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As cloud computing continues to grow in importance, the University of Texas at San Antonio is putting its facilities and students on the cutting edge of cloud technology by investing in a new, multi-purpose cloud computing laboratory for the College of Science.
“Today we are launching one of the largest open clouds in academia here at UTSA, which utilizes Open Stack software and Open Compute hardware, to support advanced computing and data analytics research,” said UTSA’s Vice President of Research Mauli Agrawal.
UTSA President Ricardo Romo cut the ribbon on the Cloud and Big Data Laboratory today as part of the Open Cloud Symposium held on UTSA’s main campus. More than 200 professionals met in the H-E-B University Center Ballroom for the first day of the symposium, which will continue through Thursday.
The event focused on cloud computing and big data technologies that students now will be able to take advantage of – and if you just hang in there with me, I promise to explain why this is important for UTSA students and our city.
The first thing you need to know about cloud computing is that it has absolutely nothing to do with white, puffy clouds and everything to do with servers – the computers that store the data, programs, and web pages which make up the Internet. If something is in “the cloud.” it is really just stored in big server farm – located at Google, Rackspace, Amazon, etc. – and is accessible on any Internet-connected device if you have the right software. If you’re using WordPress or Gmail, for example, you’re using the cloud.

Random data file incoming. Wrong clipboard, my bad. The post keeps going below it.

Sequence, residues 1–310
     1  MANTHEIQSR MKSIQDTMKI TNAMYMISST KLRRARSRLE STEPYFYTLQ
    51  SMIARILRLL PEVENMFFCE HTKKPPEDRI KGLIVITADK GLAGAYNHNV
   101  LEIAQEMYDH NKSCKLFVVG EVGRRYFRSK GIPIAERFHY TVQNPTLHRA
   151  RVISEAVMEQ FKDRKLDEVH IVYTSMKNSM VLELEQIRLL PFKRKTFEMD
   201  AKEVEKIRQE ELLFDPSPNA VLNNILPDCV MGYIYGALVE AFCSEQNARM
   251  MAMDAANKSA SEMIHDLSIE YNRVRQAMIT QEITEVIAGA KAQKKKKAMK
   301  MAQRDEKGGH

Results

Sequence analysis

More importantly, cloud computing companies can store websites and data and programs, and also can maintain and guarantee the availability of that website, program, etc. so that a business or individual doesn’t have to own their own server. If businesses already have a server infrastructure but need more data storage space or processing power, they can rent additional resources from cloud companies without incurring additional hardware costs.
Thanks to the Cloud and Big Data Laboratory, UTSA now has its very own open cloud, or big collection of servers. The UTSA cloud features 6,600 processor cores and 35 terabytes of ram — a massive amount of processing power – which can be used to analyze and process extremely large amounts of statistical or demographic information, or what techies like to call “Big Data.”
The UTSA Open Cloud is just one of two existing clouds in the Open Compute Project — the other being the Industrial Technology Research Institute (ITRI) in Taiwan. It is an “open” cloud because it is based on “open” technology. The cloud runs Rackspace Hosting’s OpenStack operating system, which Rackspace developed in partnership with NASA, and utilizes Open Compute hardware which was originally created by Facebook. The inner workings of both technologies are available to the public to use and modify as they see fit, as opposed to an Apple operating system which is only modifiable by Apple itself.
The UTSA Open Cloud offers several major benefits to students and faculty, starting with the fact that it is the most advanced on the market.
“UTSA now has state of the art hardware,” UTSA Open Compute Project Assistant Director Carlos Cardenes said. “When we got this hardware we got it before anyone else, Facebook was actually testing this out by the time we got the hardware.”